Read Job 29
Focus on verse 2
With the possible exception of those who find themselves in dysfunctional relationships, the human mind has a tendency to remember positive memories and suppress negative ones. It is for this reason that we often find ourselves reminiscing of the “good ol’ days”. What we fail to remember is that those good old days also had some hardships that we no longer have to deal with. For example, I occasionally think fondly of the smell and warmth of a coal-burning furnace that heated my childhood home, but forget that on some cold winter mornings I woke up to find my blankets frozen to the wall.
While there are values and aspects of the past that I genuinely miss, when I really think it through, I would be hesitant to give up what the present has blessed me with in exchange for what I miss about the past. Even as I think about the challenges that the present brings, it seems that while they may be different than the challenges of the past, they are no more or less difficult to navigate.
In this chapter, Job reminisces of the days before he lost everything, expressing a longing to relive those days. What he does not yet know is that by God’s grace he will in the days ahead see times of blessing even greater than what he had in the past.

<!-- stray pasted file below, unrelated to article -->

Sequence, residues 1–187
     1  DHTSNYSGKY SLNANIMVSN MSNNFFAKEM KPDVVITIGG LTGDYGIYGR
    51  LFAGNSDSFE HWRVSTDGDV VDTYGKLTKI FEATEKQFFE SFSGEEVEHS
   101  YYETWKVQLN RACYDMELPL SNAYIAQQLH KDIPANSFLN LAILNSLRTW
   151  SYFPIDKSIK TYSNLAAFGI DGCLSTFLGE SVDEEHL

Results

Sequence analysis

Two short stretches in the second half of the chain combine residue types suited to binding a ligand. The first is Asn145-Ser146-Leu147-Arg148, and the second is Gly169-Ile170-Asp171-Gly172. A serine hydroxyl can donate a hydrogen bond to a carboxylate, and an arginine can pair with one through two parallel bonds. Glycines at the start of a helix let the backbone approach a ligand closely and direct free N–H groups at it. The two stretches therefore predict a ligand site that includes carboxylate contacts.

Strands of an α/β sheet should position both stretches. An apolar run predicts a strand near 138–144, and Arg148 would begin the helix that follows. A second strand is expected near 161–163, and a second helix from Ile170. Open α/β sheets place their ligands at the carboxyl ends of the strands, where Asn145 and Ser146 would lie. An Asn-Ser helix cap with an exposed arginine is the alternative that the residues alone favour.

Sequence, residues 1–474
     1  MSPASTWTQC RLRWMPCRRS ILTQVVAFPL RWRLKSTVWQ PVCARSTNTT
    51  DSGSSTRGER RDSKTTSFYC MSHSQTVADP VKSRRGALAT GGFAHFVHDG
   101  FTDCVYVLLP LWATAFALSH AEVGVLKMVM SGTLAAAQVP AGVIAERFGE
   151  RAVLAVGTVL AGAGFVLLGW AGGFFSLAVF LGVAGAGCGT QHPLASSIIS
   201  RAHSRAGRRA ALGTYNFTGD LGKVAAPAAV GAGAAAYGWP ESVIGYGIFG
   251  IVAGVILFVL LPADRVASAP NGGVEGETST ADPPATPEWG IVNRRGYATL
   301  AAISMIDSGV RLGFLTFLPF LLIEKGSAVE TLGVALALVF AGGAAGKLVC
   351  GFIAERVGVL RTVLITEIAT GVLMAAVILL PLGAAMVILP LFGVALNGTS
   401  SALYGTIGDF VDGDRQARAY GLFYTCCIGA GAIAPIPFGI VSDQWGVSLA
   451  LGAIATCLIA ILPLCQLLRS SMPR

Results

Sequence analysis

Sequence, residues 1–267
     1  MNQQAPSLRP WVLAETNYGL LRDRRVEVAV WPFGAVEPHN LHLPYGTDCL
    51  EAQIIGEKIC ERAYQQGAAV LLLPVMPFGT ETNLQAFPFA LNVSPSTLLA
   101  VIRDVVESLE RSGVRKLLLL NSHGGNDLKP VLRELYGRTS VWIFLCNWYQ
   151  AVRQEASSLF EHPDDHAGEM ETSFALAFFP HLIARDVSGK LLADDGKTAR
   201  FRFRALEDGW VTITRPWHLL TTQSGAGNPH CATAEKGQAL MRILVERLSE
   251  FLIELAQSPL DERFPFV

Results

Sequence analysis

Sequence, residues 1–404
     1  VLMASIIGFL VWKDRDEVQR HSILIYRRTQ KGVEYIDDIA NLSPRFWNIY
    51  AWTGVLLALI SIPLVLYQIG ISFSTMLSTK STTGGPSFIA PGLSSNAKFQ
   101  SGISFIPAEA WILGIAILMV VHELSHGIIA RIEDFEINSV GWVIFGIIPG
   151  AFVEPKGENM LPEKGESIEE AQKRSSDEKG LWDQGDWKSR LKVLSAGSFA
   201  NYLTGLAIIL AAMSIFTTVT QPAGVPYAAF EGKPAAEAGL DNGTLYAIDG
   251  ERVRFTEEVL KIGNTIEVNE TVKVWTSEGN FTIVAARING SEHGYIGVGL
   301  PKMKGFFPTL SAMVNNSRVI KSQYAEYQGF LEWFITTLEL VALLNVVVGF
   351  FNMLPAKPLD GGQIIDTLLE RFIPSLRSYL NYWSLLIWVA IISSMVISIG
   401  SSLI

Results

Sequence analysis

What we often forget as we journey through life is that it is the difficulties and challenges that we face in life which prepare us for the blessings that follow. If I had not experienced the challenges and failures that are part of my history, I would not have the wisdom and experience that I currently possess to face what lies ahead. There are experiences I have been through that I would never willingly choose to experience a second time, but I also would not trade those times for easier times (if that were possible) because of what the Lord has taught me about himself and myself through the mistakes I made and the hardships I experienced.
It is the blowing and the bending of the wind that makes the oak tree strong. A tree that grows to maturity without ever experiencing wind would likely fall over in the first little breeze to come along. On the other hand the tree that grows up being buffeted and tossed about with regularity develops the root system and the strength in its trunk and limbs to withstand severe storms.
Job was in the midst of a storm when he longed for the good old days of peace and safety. I suspect that at the end of his life he would have expressed gratitude even for the hardship of what he endured, not because he enjoyed the process, but because of what it revealed to Him about the nature and character of God.